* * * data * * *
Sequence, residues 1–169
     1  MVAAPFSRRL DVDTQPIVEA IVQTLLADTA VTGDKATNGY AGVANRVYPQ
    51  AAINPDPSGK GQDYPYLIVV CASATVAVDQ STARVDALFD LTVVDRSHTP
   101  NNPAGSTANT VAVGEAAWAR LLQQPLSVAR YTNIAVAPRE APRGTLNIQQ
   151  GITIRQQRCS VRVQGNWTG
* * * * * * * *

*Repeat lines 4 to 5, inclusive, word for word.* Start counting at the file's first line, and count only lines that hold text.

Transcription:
   101  NNPAGSTANT VAVGEAAWAR LLQQPLSVAR YTNIAVAPRE APRGTLNIQQ
   151  GITIRQQRCS VRVQGNWTG